Endothelial Cell-Dependent Regulation of Arteriogenesis.
Moraes, Filipa; Paye, Julie; Mac Gabhann, Feilim; Zhuang, Zhen W.; Zhang, Jiasheng; Lanahan, Anthony A.; Simons, Michael
113(9):1076-1086, October 12, 2013.
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Rationale: Arteriogenesis is the process of formation of arterial conduits. Its promotion is an attractive therapeutic strategy in occlusive atherosclerotic diseases. Despite the functional and clinical importance of arteriogenesis, the biology of the process is poorly understood. Synectin, a gene previously implicated in the regulation of vascular endothelial cell growth factor signaling, offers a unique opportunity to determine relative contributions of various cell types to arteriogenesis.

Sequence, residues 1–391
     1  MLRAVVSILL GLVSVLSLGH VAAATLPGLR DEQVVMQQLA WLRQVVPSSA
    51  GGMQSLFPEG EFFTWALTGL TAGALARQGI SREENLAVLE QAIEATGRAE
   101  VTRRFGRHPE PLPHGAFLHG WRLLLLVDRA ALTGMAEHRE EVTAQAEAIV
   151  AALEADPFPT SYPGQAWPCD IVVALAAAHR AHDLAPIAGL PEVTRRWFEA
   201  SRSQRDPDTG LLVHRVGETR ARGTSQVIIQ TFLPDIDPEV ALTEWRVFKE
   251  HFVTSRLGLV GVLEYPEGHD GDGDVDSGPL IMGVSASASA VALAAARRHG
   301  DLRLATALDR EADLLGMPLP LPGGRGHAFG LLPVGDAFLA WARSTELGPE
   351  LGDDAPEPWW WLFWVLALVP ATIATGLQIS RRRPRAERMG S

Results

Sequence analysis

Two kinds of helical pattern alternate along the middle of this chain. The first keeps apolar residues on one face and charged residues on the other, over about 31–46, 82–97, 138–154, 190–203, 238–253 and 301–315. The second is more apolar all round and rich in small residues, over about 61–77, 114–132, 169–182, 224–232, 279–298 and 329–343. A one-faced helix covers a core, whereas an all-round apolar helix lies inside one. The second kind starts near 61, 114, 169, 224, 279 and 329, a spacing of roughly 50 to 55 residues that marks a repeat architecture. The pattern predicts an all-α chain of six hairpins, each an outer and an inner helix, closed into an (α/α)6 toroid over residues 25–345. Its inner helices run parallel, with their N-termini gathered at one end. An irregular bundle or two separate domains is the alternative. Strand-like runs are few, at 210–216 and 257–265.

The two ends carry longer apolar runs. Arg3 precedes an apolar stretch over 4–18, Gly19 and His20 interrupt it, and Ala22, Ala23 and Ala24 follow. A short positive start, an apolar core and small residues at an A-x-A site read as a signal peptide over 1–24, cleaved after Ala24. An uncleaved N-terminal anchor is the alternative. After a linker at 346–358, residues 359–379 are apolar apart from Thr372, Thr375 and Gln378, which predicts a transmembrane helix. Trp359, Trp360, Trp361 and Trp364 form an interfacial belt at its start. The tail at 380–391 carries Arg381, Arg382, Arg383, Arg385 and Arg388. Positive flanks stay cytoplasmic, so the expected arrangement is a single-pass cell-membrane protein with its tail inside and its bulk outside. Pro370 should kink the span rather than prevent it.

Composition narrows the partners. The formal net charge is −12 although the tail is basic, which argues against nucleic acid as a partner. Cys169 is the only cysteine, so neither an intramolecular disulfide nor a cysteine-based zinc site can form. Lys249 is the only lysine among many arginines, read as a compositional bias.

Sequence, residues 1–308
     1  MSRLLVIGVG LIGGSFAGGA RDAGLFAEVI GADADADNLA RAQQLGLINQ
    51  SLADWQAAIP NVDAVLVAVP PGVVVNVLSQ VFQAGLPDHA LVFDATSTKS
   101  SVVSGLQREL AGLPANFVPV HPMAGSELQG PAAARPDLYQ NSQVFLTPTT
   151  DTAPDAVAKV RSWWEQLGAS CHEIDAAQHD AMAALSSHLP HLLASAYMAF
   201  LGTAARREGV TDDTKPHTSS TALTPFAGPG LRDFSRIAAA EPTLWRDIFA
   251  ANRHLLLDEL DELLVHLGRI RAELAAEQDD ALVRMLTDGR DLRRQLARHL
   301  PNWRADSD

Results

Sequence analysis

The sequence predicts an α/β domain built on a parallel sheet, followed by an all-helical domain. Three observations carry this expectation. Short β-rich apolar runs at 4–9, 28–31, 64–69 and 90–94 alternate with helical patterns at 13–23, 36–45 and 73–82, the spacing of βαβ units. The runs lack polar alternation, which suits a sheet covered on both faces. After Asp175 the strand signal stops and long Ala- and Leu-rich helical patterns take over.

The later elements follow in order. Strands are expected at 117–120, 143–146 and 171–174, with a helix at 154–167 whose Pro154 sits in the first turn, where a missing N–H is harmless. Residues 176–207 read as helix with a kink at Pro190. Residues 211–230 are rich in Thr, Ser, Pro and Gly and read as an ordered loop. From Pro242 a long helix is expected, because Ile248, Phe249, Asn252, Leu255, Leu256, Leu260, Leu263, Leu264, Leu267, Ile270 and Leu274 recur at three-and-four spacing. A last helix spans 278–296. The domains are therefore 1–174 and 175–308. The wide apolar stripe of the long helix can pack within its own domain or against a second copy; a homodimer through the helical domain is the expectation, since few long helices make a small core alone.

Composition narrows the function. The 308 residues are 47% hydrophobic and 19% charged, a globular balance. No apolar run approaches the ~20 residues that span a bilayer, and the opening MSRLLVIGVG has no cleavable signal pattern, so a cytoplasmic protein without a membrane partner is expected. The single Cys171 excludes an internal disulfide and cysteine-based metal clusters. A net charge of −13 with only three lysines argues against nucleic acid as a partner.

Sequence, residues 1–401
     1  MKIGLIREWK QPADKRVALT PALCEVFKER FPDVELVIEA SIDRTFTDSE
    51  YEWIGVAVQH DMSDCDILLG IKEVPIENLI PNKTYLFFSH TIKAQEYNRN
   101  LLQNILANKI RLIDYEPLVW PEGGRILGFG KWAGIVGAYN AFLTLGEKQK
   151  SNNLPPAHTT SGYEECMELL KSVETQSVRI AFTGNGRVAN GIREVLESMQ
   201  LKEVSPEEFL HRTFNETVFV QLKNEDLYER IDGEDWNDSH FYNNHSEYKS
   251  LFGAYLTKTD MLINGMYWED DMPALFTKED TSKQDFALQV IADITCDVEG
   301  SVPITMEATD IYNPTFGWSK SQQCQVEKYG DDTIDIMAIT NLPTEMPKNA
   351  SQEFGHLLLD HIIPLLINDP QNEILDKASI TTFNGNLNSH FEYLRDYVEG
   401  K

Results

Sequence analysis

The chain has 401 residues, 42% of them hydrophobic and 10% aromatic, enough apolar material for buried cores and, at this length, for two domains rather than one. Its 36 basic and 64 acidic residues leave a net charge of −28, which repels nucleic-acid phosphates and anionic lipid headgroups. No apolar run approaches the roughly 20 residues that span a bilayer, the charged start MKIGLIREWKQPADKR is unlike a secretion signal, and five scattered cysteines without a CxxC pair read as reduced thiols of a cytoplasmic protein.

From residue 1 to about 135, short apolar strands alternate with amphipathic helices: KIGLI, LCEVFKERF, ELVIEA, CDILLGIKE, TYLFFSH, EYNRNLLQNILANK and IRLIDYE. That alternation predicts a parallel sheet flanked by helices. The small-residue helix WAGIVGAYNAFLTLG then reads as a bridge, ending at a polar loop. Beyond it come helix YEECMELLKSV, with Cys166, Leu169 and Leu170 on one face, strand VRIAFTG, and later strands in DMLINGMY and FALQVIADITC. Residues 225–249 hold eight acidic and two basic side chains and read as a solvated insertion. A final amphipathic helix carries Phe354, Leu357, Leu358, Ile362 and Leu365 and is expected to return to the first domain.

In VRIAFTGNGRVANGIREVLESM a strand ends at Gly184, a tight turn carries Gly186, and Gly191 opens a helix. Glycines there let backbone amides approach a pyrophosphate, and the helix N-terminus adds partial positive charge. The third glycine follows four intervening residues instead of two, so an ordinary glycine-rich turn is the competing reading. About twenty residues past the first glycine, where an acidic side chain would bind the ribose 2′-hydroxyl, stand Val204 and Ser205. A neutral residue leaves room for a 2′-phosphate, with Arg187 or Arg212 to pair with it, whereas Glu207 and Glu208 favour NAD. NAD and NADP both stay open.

Objective: We investigated the cell-autonomous effects of a synectin knockout in arterial morphogenesis.
Methods and Results: A floxed synectin knockin mouse line was crossbred with endothelial-specific (Tie2, Cdh5, Pdgfb) and smooth muscle myosin heavy chain-specific Cre driver mouse lines to produce cell type-specific deletions. Ablation of synectin expression in endothelial, but not smooth muscle cells resulted in the presence of developmental arterial morphogenetic defects (smaller size of the arterial tree, reduced number of arterial branches and collaterals) and impaired arteriogenesis in adult mice.
Conclusions: Synectin modulates developmental and adult arteriogenesis in an endothelial cell-autonomous fashion. These findings show for the first time that endothelial cells are central to both developmental and adult arteriogenesis and provide a model for future studies of factors involved in this process.
(C) 2013 American Heart Association, Inc.